Now following the Page Object pattern you would have the clickActionsNav() (Page Object A - HomePO) method return a new instance of the (Page Object B - MyAccountsPO).

  public MyAccountsPO clickActionsNav() {
         this.wait.until(ExpectedConditions.visibilityOfElementLocated(this.actions)).click();
     
         
         return new MyAccountsPO(driver);
     }

Afterward, you instantiate the second (MyAccountsPO) in the Test File by performing the action from the first PageObject (HomePO) so that you have a nice “chain” like order in your test. Finally, you can assert your boolean value.

 @Test
    public void SampleTestCase() {
       WebDriver driver = getDriver();

       // Instantiate the Page Object A - HomePO)
       HomePO home = new HomePO(driver);
       home.open("https://www.yourPage.com");
       
       // Instantiate the Page Object B - MyAccountsPO)
       MyAccountsPO accounts = home.clickActionsNav();

       // Get the Boolean from the Page Object B
       boolean yourBoolean = accounts.My_ActionsIsPresent();

       // Perform the assert
       Assert.assertTrue(yourBoolean);
       
    }

#7

What @smatijas said is the way to go. Additionally I wanted to remark that this line driver.manage().window().maximize(); is also not well placed there.
In general, following the PageObject pattern helps to keep your tests isolated from any AutomationFramework. That is your tests shouldn’t include any driver.xx specific code.

In your current scenario I would see two ways to handle that.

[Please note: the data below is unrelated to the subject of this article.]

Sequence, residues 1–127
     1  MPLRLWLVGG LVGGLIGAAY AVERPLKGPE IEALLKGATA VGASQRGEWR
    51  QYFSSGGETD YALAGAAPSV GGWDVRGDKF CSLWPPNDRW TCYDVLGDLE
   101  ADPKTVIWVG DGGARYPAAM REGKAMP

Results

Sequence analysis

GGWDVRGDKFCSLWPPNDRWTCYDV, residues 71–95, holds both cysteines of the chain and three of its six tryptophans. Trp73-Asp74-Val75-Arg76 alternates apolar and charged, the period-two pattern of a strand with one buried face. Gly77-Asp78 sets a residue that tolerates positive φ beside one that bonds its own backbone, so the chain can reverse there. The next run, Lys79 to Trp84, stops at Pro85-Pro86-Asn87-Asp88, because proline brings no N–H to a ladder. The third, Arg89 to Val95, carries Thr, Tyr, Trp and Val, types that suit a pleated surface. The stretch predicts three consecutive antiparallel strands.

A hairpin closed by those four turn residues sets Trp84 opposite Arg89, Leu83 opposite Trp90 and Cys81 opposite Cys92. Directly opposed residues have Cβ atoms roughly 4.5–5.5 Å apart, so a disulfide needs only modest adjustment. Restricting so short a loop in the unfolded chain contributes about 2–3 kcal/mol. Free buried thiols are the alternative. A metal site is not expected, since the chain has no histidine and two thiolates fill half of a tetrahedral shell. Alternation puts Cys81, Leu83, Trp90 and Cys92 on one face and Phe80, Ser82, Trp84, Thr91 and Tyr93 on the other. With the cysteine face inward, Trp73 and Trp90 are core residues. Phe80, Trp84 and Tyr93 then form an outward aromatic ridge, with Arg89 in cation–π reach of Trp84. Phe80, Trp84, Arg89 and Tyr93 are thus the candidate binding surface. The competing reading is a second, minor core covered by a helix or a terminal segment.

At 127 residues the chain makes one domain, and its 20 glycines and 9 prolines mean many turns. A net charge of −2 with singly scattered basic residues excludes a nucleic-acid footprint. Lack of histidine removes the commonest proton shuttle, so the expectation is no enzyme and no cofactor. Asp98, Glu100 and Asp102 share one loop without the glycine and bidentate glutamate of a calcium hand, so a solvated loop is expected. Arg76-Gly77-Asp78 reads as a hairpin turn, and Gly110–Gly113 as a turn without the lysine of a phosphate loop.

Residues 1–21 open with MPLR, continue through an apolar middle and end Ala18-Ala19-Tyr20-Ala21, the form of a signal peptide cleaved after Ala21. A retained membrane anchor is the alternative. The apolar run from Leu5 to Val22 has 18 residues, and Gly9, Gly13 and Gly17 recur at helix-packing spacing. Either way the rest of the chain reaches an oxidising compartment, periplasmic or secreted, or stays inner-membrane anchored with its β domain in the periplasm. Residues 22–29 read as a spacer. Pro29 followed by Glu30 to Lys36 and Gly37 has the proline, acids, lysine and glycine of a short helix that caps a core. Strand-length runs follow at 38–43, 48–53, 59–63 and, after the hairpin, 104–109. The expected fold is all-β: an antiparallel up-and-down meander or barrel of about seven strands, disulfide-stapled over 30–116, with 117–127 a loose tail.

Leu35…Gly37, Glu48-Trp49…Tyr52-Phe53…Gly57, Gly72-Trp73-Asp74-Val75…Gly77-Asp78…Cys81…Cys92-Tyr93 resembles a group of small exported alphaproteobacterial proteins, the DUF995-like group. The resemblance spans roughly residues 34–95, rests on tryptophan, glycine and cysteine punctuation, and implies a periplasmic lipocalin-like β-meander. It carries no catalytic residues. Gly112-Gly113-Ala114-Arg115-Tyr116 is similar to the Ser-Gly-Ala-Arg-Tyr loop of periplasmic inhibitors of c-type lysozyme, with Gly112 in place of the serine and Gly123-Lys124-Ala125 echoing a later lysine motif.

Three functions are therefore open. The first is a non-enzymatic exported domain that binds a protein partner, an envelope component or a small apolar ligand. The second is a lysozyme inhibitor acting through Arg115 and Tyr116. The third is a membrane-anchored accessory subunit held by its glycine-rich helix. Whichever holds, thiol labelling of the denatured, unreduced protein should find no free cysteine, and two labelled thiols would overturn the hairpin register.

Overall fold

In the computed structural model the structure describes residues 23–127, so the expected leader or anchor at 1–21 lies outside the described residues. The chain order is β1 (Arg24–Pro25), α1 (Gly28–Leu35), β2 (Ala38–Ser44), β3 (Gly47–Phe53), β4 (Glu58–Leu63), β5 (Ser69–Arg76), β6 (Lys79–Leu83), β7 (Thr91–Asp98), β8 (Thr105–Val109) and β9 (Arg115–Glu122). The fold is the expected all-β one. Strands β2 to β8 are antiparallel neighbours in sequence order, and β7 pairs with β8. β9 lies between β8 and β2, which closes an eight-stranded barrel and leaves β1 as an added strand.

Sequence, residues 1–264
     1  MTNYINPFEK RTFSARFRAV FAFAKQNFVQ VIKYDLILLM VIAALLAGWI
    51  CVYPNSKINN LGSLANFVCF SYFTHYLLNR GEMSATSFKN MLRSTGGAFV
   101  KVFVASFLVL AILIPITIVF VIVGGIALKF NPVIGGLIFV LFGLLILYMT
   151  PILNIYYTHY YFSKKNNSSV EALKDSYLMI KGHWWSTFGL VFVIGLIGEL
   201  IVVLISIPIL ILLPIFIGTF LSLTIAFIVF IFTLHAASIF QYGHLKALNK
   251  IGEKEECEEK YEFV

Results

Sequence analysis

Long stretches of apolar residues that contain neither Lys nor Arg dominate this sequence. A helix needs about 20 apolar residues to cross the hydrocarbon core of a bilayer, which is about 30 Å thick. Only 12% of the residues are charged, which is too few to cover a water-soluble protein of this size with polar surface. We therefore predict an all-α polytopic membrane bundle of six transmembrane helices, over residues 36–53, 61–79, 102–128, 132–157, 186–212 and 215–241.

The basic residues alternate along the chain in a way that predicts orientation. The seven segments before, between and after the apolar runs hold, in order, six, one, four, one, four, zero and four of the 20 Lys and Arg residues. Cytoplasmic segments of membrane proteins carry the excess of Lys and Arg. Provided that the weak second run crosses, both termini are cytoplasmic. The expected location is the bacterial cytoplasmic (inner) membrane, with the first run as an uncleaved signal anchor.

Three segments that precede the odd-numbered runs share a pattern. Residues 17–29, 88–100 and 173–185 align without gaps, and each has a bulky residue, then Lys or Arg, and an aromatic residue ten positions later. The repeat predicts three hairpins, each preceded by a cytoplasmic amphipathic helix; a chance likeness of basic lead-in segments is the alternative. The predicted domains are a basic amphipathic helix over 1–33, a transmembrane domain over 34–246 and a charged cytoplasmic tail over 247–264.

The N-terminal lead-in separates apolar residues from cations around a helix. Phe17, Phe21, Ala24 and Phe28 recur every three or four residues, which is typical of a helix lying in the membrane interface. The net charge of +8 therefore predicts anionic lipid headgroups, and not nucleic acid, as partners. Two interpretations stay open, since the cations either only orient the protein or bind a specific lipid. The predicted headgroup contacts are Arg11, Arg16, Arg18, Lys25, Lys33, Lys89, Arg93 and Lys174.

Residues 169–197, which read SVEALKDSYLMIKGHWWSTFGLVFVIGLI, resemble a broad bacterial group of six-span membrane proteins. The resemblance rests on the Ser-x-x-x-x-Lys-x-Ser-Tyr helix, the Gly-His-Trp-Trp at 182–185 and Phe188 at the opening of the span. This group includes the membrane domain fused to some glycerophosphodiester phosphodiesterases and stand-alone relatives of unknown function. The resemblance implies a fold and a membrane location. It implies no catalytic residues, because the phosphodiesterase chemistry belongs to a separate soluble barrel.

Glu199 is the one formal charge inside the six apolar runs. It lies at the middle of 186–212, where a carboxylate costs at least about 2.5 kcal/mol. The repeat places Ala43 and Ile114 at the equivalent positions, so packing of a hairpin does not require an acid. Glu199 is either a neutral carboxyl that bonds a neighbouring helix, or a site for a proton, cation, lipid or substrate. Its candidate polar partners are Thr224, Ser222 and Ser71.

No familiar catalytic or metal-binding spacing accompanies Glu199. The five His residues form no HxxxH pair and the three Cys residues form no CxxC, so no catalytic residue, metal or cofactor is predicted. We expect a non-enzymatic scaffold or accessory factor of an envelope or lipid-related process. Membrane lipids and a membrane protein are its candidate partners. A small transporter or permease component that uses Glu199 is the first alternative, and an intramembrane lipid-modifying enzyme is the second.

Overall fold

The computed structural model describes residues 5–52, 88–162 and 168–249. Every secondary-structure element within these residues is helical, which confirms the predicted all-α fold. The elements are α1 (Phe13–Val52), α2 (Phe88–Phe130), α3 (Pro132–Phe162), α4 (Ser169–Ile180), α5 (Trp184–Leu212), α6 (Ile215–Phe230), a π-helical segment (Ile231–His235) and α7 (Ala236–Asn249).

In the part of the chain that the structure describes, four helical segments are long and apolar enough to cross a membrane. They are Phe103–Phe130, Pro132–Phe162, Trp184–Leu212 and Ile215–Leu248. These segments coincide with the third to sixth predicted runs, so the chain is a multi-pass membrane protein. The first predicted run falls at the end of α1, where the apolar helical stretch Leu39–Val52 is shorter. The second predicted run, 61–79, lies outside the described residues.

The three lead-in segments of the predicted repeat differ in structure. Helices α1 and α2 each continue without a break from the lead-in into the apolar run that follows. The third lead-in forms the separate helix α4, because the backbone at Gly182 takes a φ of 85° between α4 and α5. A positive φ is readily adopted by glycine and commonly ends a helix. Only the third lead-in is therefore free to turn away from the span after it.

A. put that maximize code inside the open function of your HomePo
B. create an explicit method called e.g maximizeBrowserWindow() where you do the job.

With A, you hide that specific feature from the consumer, whereas with B you make it explicitly available. This really depends on preferences and to how you want your resulting domain specific language (DSL) to be. While A is helpful to define a general workflow and make you not think about maximizing anymore, B is more flexible for scenarios where you sometimes need a non-maximized window.


#8

Hi @vsoftic! I like your idea of creating an explicit method and calling maximize. Where would you put the method? I was thinking about SuiteConfiguration.java?
Thanks!


#9

Hello @micheleaz
As said, it is totally up to you where you will place the maximize method. SuiteConfiguration.java is also fine, or for example some helper file that you can create, as long as you can instantiate it and call your maximizeBrowserWindow() method when you need it.
Main thing the driver.manage().window().maximize() method is not placed in the actual test file, and like Simon Stewart, the lead committer of the Selenium Project said, "If you have WebDriver APIs in your test methods, You’re Doing It Wrong.”


#10

Hi @micheleaz,

as described in my scenario I would personally go with putting the maximzeBrowserWindow part into the open method of the entry PageObject. Keep in mind that if you have multiple entry points each of those POs open method should contain that maximize logic.

The reason for that is a personal opinion because I think it makes the PO self-contained and expressive. But going with SuiteConfig is fine as well if you always only want to test on maximized.